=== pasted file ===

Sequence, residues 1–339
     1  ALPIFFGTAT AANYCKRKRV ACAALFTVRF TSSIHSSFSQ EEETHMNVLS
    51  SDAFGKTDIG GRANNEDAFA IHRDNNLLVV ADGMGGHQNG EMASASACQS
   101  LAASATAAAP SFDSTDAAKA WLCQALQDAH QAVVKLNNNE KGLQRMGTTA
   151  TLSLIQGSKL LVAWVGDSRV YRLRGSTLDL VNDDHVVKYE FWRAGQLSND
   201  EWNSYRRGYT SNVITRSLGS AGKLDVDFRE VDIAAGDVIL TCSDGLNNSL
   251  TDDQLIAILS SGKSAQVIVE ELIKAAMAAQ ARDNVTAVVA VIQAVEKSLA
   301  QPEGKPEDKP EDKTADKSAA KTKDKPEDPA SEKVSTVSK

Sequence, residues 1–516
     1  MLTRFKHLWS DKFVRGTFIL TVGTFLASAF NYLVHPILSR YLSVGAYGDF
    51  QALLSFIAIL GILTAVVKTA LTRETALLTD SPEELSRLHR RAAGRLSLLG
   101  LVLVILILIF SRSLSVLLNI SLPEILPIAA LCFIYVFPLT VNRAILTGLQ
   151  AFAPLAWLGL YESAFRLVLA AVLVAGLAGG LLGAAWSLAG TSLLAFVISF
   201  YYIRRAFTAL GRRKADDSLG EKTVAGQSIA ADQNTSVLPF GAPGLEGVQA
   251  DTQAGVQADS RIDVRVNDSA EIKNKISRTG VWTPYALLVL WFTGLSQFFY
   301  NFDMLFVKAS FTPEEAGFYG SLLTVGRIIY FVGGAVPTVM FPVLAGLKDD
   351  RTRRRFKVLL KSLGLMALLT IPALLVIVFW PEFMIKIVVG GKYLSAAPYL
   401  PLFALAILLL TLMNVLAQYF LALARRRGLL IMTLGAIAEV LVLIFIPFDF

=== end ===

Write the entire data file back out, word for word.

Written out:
Sequence, residues 1–339
     1  ALPIFFGTAT AANYCKRKRV ACAALFTVRF TSSIHSSFSQ EEETHMNVLS
    51  SDAFGKTDIG GRANNEDAFA IHRDNNLLVV ADGMGGHQNG EMASASACQS
   101  LAASATAAAP SFDSTDAAKA WLCQALQDAH QAVVKLNNNE KGLQRMGTTA
   151  TLSLIQGSKL LVAWVGDSRV YRLRGSTLDL VNDDHVVKYE FWRAGQLSND
   201  EWNSYRRGYT SNVITRSLGS AGKLDVDFRE VDIAAGDVIL TCSDGLNNSL
   251  TDDQLIAILS SGKSAQVIVE ELIKAAMAAQ ARDNVTAVVA VIQAVEKSLA
   301  QPEGKPEDKP EDKTADKSAA KTKDKPEDPA SEKVSTVSK

Sequence, residues 1–516
     1  MLTRFKHLWS DKFVRGTFIL TVGTFLASAF NYLVHPILSR YLSVGAYGDF
    51  QALLSFIAIL GILTAVVKTA LTRETALLTD SPEELSRLHR RAAGRLSLLG
   101  LVLVILILIF SRSLSVLLNI SLPEILPIAA LCFIYVFPLT VNRAILTGLQ
   151  AFAPLAWLGL YESAFRLVLA AVLVAGLAGG LLGAAWSLAG TSLLAFVISF
   201  YYIRRAFTAL GRRKADDSLG EKTVAGQSIA ADQNTSVLPF GAPGLEGVQA
   251  DTQAGVQADS RIDVRVNDSA EIKNKISRTG VWTPYALLVL WFTGLSQFFY
   301  NFDMLFVKAS FTPEEAGFYG SLLTVGRIIY FVGGAVPTVM FPVLAGLKDD
   351  RTRRRFKVLL KSLGLMALLT IPALLVIVFW PEFMIKIVVG GKYLSAAPYL
   401  PLFALAILLL TLMNVLAQYF LALARRRGLL IMTLGAIAEV LVLIFIPFDF